Servo Voltage (Red and Black/Brown wires)
Servos can operate under a range of voltages. Typical operation is from 4.8V to 6V. There are a few
micro sized servos that can operate at less, and now a few Hitec servos that operate at much more. The
reason for this standard range is because most microcontrollers and RC receivers operate near this
voltage. So what voltage should you operate at? Well, unless you have a battery voltage/current/power
limitation, you should operate at 6V. This is simply because DC motors have higher torque at higher

Signal Wire (Yellow/Orange/White wire)
While the black and red wires provide power to the motor, the signal wire is what you use to command
the servo. The general concept is to simply send an ordinary logic square wave to your servo at a
specific wave length, and your servo goes to a particular angle (or velocity if your servo is modified).
The wavelength directly maps to servo angle.

So how do you apply this square wave to your servo? If your robot is remote controlled, your RC
receiver will apply the proper square wave for you. If however your robot is running from a
microcontroller, you must:

       bring high a digital port
       wait between 1-2ms
       bring low the same digital port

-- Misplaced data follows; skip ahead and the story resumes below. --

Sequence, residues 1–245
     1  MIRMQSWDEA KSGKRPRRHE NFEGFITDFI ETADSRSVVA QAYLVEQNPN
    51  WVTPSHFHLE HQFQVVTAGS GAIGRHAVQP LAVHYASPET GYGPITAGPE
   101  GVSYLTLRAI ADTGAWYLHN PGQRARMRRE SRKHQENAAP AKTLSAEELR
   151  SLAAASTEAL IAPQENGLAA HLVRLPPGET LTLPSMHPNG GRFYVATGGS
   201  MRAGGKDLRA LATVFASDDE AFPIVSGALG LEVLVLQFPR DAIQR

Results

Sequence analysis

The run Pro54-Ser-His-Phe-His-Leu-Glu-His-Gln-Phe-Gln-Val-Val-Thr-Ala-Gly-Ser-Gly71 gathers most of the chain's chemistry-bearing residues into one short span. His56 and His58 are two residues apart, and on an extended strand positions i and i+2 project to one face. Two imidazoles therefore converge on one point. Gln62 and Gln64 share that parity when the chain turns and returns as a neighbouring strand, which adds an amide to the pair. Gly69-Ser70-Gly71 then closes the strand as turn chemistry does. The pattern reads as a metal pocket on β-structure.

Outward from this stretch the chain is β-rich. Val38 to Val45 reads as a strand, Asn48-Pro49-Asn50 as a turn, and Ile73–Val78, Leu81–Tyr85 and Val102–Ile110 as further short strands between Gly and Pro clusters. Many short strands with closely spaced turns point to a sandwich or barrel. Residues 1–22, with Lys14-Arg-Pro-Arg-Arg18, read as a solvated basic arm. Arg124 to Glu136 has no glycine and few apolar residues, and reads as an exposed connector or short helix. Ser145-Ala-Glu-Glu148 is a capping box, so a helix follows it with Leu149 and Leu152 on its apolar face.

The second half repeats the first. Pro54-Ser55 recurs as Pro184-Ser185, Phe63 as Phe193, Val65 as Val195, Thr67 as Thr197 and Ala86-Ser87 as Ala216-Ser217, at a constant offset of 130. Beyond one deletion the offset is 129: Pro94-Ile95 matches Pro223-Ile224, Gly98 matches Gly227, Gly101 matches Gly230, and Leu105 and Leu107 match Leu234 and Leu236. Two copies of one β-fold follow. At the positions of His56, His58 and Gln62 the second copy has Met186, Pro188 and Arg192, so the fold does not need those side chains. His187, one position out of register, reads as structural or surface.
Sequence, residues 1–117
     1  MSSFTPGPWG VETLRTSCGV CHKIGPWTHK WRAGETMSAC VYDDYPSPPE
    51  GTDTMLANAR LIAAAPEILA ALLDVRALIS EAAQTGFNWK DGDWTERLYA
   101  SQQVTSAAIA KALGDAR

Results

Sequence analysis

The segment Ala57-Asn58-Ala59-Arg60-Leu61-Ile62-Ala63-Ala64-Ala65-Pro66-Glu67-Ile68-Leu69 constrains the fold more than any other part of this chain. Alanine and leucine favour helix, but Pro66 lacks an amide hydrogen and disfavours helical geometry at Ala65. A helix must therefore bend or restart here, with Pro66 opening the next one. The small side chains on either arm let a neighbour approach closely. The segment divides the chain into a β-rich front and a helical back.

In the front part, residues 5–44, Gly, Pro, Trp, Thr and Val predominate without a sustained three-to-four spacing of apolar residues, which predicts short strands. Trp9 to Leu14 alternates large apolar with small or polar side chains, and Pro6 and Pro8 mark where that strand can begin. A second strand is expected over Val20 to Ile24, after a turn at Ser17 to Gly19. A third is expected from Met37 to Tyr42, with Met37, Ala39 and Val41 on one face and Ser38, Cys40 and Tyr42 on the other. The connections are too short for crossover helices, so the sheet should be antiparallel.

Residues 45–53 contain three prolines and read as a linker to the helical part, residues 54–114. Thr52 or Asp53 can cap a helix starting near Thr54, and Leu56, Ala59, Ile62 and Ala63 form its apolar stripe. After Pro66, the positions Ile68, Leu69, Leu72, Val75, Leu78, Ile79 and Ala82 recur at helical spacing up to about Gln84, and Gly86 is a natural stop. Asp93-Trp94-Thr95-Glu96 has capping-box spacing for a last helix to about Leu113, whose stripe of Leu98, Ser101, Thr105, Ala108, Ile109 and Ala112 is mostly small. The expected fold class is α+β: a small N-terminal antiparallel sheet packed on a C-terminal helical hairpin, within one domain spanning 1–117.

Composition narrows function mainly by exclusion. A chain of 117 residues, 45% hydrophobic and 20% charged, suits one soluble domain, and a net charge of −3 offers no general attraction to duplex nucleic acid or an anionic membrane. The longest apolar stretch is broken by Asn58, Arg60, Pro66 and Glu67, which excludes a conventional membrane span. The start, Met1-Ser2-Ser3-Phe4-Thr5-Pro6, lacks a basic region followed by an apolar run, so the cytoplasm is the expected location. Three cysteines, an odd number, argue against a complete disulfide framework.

cycle a few dozen times per second

Note, if you are running multiple servos simultaneously, you can just put a few of these program blocks
in sequential order. You can run as many servos as you have of digital ports.

So how many milliseconds do you keep the port high? It all depends on the servo. You may have to
tweak for each individual servo some several microseconds difference.

The standard time vs. angle is represented in this chart:

Servo Current
Servo current operates the same as in a DC motor, except that you now also have a hard to predict
feedback control system to contend with. If your DC motor is not at the specified angle, it will suddenly
draw huge amounts of current to reach that angle. But there are other peculiarities as well. If you run an
experiment with a servo at a fixed angle and hang precision weights from the servo horn, the measured
current will not be what you expect. One would think that the current would increase at some fixed rate
as the weights increased linearly. Instead you will get unpredictable curves and multiple rates.
In conclusion, servo current draw is very unpredictable.

Stall Torque, Stall Current, Current Drain
Since servos contain DC motors, please read my DC motor tutorial to learn about servo stall
Gear Types
More expensive servos come with metal gears for higher torque and longer life, followed by karbonite